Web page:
The human drama, whether played out in history books or headlines, is often not just a confusing spectacle but a spectacle about confusion. The big question these days is, Which political forces will prevail, those stitching nations together or those tearing them apart?
Here is one optimist's reason for believing unity will prevail over disunity, integration over disintegration. In fact, I'll bet that within the next hundred years (I'm giving the world time for setbacks and myself time to be out of the betting game, just in case I lose this one), nationhood as we know it will be obsolete; all states will recognize a single, global authority. A phrase briefly fashionable in the mid-20th century -- "citizen of the world" -- will have assumed real meaning by the end of the 21st.
All countries are basically social arrangements, accommodations to changing circumstances. No matter how permanent and even sacred they may seem at any one time, in fact they are all artificial and temporary. Through the ages, there has been an overall trend toward larger units claiming sovereignty and, paradoxically, a gradual diminution of how much true sovereignty any one country actually has.
The forerunner of the nation was a prehistoric band clustered around a fire beside a river in a valley. Its members had a language, a set of supernatural beliefs and a repertoire of legends about their ancestors. Eventually they forged primitive weapons and set off over the mountain, mumbling phrases that could be loosely translated as having something to do with "vital national interests" and "manifest destiny." When they reached the next valley, they massacred and enslaved some weaker band of people they found clustered around some smaller fire and thus became the world's first imperialists.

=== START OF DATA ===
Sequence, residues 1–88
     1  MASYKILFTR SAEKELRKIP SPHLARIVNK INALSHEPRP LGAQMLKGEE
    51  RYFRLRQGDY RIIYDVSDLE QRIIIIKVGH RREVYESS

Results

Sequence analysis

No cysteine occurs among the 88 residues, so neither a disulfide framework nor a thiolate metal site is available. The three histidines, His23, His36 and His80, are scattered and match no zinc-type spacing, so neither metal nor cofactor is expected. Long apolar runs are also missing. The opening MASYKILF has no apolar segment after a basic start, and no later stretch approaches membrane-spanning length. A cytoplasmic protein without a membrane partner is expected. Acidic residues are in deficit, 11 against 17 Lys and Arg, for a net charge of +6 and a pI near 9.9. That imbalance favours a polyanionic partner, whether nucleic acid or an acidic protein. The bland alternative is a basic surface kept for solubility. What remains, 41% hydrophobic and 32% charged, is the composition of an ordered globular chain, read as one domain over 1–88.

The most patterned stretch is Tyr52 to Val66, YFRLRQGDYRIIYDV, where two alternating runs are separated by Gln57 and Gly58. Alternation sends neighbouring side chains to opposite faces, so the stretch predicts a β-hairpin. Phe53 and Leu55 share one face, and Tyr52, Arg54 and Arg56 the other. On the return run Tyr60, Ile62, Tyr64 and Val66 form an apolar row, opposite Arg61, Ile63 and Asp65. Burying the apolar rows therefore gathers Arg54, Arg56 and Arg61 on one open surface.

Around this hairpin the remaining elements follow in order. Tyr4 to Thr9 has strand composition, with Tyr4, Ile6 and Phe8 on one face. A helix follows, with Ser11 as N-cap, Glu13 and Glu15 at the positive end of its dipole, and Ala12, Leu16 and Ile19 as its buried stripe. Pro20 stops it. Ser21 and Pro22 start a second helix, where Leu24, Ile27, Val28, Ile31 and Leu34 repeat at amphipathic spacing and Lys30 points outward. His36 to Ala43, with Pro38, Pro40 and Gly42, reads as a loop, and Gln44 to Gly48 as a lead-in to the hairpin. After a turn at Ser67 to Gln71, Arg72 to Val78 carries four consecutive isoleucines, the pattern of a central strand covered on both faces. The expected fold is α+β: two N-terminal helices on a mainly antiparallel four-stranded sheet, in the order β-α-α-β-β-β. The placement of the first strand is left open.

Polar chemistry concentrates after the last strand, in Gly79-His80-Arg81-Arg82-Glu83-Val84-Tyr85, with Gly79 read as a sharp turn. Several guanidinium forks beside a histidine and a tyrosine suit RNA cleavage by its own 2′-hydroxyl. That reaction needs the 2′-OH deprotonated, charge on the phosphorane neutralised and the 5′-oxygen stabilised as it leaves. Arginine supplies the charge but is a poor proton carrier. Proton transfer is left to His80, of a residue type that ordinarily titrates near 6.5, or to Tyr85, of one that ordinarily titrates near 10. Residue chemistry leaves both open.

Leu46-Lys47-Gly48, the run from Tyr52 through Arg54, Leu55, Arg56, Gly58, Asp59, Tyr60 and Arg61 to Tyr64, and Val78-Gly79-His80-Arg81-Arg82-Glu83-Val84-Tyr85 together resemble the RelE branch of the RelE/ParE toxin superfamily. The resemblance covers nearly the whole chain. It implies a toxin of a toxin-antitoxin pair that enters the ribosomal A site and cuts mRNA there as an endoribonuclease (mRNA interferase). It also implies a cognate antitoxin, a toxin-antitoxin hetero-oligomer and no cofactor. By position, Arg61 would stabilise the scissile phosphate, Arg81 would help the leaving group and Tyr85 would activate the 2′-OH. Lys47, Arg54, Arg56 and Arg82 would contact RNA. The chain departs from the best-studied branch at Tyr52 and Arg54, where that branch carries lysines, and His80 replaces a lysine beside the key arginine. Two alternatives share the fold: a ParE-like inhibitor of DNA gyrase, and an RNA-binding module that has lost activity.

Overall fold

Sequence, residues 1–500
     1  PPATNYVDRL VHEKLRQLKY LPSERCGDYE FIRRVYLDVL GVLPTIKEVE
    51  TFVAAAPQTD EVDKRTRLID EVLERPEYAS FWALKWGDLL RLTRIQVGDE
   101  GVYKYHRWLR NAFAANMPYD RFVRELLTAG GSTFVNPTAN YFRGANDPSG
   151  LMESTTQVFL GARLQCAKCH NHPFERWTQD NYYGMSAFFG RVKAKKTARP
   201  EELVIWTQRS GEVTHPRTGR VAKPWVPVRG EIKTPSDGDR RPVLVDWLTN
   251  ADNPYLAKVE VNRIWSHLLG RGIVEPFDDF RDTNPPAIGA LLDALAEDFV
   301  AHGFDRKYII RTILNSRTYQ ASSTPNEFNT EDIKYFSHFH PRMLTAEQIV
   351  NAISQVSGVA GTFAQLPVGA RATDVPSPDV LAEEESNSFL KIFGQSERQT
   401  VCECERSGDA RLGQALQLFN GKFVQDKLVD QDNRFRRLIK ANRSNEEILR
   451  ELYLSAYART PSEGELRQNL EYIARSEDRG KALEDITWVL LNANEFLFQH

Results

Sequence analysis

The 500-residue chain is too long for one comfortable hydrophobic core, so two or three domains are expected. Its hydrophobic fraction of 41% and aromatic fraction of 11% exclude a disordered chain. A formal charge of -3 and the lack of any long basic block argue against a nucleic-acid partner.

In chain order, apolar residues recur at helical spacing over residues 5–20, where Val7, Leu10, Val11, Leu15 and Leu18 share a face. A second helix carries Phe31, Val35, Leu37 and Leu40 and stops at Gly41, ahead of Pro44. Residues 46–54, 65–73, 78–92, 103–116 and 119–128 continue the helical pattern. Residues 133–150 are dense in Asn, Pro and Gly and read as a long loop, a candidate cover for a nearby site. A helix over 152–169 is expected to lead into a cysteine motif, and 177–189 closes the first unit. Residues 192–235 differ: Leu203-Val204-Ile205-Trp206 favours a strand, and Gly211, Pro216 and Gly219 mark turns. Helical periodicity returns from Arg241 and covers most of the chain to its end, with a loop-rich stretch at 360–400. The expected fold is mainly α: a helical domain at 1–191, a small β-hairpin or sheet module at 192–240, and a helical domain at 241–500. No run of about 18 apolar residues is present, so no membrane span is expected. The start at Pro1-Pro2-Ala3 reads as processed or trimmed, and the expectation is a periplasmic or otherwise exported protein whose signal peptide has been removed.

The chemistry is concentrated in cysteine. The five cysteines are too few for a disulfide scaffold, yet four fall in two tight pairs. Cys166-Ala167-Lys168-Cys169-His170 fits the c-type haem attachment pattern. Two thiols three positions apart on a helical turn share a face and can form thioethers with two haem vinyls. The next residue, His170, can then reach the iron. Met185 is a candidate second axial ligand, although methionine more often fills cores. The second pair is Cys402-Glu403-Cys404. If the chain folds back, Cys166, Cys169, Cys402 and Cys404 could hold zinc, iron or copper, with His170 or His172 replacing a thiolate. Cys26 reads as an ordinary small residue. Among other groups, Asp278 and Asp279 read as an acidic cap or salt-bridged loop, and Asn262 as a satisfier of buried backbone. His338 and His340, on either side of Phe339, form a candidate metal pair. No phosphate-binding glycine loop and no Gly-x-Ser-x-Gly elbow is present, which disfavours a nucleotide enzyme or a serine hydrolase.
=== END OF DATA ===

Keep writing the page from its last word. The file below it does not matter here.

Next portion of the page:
Empires were a powerful force for obliterating natural and demographic barriers and forging connections among far-flung parts of the world. The British left their system of civil service in India, Kenya and Guyana, while the Spaniards, Portuguese and French spread Roman Catholicism to almost every continent.
Empire eventually yielded to the nation-state, made up primarily of a single tribe. China, France, Germany and Japan are surviving examples. Yet each of them too is the consequence of a centuries-long process of accretion. It took the shedding of much blood in many valleys for Normandy, Brittany and Gascony to become part of France.
Today fewer than 10% of the 186 countries on earth are ethnically homogeneous. The rest are multinational states. Most of them have pushed their ^ boundaries outward, often until they reached the sea. That's how California became part of the U.S. and the Kamchatka Peninsula part of Russia.
The main goal driving the process of political expansion and consolidation was conquest. The big absorbed the small, the strong the weak. National might made international right. Such a world was in a more or less constant state of war.
From time to time the best minds wondered whether this wasn't a hell of a way to run a planet; perhaps national sovereignty wasn't such a great idea after all. Dante in the 14th century, Erasmus in the 16th and Grotius in the 17th all envisioned international law as a means of overcoming the natural tendency of states to settle their differences by force.